"The Apollo Room. The room used for public meetings is in the rear building of the old Raleigh tavern at Williamsburg, and up to the day of my visit it had remained unaltered. Carpenters were then at work remodeling its style, for the purpose of making it a ball-room; and now, I suppose, that apartment, hallowed by so many associations connected with our war for independence, has scarcely an original feature left. Had my visit been deferred a day longer, the style of the room could never have been portrayed. Neat wainscoting of Virginia pine ornamented the sides below and partly between the windows, and over the fire-place, which was spacious. This view is from the entrance door from the front portion of the building. On the left were two large windows; on the right were two windows and a door; and on each side of the fire-place was a door opening into small passage ways, from the exterior. Through the door on the left is seen a flight of stairs leading to the dormitory. The walls were whitewashed, and the wood-work painted a lead color. In this room the leading patriots of Virginia, including Washington, held many secret caucuses, and planned many schemes for the overthrow of royal rule in the colonies. The sound of the hammer and saw engaged in the work of change seemed to me like actual desecration; for the Raleigh tavern, and the Apollo room are to Virginia, relatively, what Faneuil Hall is to Massachusetts."—Lossing, 1851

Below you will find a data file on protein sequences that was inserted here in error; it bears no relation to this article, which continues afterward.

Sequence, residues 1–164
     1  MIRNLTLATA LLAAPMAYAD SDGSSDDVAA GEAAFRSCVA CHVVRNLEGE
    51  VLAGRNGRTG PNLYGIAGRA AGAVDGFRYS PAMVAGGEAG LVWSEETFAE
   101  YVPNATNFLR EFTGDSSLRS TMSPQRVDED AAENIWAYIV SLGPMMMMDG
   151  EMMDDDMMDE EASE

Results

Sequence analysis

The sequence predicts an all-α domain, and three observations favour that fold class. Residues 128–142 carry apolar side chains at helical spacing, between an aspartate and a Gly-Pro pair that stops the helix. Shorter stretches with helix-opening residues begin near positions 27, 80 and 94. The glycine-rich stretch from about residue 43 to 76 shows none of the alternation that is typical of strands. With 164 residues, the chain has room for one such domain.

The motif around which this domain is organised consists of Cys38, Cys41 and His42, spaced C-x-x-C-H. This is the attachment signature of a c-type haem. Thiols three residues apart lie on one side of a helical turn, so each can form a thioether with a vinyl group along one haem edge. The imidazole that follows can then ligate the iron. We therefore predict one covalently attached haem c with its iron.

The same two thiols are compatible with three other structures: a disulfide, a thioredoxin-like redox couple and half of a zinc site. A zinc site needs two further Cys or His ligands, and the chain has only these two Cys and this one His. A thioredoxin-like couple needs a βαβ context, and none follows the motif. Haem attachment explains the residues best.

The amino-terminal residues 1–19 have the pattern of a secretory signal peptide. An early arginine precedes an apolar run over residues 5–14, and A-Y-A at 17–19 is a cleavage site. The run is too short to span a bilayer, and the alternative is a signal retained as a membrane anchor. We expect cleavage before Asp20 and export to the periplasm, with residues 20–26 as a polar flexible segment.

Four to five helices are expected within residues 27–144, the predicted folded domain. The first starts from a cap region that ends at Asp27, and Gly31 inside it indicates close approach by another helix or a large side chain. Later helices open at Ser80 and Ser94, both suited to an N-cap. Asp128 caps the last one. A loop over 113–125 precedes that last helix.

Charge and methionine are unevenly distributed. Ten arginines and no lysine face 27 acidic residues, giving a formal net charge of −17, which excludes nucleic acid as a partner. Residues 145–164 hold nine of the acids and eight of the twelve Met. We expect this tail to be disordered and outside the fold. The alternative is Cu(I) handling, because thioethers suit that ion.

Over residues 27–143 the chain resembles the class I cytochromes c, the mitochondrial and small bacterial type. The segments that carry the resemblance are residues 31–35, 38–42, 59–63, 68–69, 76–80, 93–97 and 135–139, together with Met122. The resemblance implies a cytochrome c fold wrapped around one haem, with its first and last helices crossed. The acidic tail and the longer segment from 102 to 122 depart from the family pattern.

Apollo Room

"The Apollo Room. The room used for public meetings is in the rear building of the old Raleigh tavern…

Raleigh Tavern in Williamsburg, Virginia, gained some fame in the pre-Revolutionary War Colony of Virginia as a gathering place for the Burgesses after several Royal Governors officially dissolved the House of Burgesses.

The Apollo Room in the Raleigh Tavern

Raleigh Tavern in Williamsburg, Virginia, gained some fame in the pre-Revolutionary War Colony of Virginia…

"Raleigh Tavern. When I visited Williamsburg in December, 1848, the front part of the old Raleigh tavern had been torn down, and a building in modern style was erected in its place. The old tavern was in the form of an L, one portion fronting the street, the other extending at right angles, in the rear. Both parts were precisely alike in external appearance, and as the rear building was yet standing and unaltered. I am able to give a restored view of the Raleigh, as it appeared during the Revolution. The wooden bust of Sir Walter Raleigh, which graved the front of the old inn, now ornaments the new building."—Lossing, 1851

Raleigh Tavern

"Raleigh Tavern. When I visited Williamsburg in December, 1848, the front part of the old Raleigh tavern…